|re: the choreography|
|Last Edit: ShowGoer 06:47 am EST 11/26/22|
|Posted by: ShowGoer 06:45 am EST 11/26/22|
|In reply to: re: "Hey, Mr. Macy's"???? - KingSpeed 11:19 pm EST 11/25/22|
|This is a good point, on multiple levels.
First of all I didn’t envy the choreographer, who had to turn this idiosyncratic strong woman solo, Don’t Rain on My Parade, into basically a full-company production number for possibly the first time in history… complete with all the tempo oddities in that last minute and a half, including full stops and several time signature changes, going from a march-slash-swing beat to a 60s musical theater power beat to a double-time rideout, with multiple ritards, fermatas and accelerandos… and who, like you say, actually did a surprisingly good job with it.
Then I wondered, where was that brand of choreography in the production? Not that you’d want Fanny’s solos to have danced backup throughout, but it was not only certainly more interesting than the little bit of musical staging offered in Henry Street and A Temporary Arrangement, but better than any dancing in the entire show except for Jared Grimes’s hoofing and the 1 or 2 other tap moments (all of which, one assumes, were handled by the “additional tap choreographer”, up and coming sensation Ayodele Casel, and not the one credited for most of the humdrum workaday dancing).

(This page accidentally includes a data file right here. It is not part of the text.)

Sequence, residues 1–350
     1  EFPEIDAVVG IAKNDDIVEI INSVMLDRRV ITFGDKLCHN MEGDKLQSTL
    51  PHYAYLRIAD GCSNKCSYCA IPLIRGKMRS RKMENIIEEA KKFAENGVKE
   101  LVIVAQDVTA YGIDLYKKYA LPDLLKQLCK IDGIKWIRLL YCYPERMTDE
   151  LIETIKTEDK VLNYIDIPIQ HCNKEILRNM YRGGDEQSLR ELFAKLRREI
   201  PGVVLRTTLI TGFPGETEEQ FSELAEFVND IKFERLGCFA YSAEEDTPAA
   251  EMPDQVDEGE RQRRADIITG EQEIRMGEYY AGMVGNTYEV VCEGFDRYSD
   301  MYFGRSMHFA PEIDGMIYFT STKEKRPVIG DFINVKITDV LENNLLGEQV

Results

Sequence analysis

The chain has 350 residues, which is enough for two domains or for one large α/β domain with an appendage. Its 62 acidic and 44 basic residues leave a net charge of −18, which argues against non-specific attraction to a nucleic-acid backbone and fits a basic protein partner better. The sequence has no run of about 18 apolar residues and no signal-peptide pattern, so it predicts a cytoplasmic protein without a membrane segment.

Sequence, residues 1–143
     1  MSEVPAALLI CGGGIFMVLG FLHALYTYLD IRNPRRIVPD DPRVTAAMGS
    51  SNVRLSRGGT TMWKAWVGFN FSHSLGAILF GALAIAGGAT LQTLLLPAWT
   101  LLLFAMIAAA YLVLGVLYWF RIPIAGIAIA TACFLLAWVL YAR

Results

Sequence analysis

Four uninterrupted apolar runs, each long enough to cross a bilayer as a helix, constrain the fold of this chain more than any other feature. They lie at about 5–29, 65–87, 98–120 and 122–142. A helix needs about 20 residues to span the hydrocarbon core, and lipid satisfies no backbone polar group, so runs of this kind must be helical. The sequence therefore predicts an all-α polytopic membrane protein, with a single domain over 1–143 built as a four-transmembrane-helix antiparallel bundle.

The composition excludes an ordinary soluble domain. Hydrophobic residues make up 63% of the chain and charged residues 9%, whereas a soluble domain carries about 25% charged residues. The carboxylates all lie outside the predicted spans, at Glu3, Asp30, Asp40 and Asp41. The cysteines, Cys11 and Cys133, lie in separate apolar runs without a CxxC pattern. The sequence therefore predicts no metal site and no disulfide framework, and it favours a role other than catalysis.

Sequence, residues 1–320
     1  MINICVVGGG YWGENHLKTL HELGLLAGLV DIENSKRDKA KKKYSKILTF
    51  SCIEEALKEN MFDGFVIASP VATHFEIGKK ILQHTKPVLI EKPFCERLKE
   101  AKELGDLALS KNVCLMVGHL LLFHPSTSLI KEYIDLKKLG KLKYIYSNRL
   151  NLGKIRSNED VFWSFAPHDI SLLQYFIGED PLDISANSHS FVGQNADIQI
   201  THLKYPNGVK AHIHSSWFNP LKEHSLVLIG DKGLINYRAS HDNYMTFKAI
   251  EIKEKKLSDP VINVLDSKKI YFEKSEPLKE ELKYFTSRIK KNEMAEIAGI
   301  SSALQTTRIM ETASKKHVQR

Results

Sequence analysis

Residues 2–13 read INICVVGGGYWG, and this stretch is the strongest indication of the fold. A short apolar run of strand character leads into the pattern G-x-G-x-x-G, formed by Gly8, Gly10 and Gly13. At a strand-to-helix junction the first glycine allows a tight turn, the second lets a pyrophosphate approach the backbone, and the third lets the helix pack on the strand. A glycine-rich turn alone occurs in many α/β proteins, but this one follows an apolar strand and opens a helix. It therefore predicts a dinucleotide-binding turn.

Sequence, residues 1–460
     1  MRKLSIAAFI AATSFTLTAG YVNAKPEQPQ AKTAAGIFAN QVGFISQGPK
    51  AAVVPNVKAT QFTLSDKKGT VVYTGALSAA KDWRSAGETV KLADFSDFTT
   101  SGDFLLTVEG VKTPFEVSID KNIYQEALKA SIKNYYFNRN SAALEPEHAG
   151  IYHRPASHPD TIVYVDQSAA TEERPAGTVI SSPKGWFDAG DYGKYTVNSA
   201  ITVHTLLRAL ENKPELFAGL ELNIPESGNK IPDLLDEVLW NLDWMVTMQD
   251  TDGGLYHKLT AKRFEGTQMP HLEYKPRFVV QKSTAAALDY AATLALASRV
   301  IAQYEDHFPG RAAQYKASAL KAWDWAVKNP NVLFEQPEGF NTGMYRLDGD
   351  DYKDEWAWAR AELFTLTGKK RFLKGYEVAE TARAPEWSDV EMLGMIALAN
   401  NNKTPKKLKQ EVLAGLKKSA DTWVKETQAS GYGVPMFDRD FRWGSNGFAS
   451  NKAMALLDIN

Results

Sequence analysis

None of this is in itself a problem, and I’m sure that parade opening sold as many tickets as just about any Broadway show ever showcased on the parade. But it does suggest, if nothing else, a more ambitious production than what’s on stage at the August Wilson, and it made me wonder a) if the show’s regular choreographer actually did it, and b) if in the rehearsal room they’d ever tried or even discussed similar ways to make this Funny Girl different.
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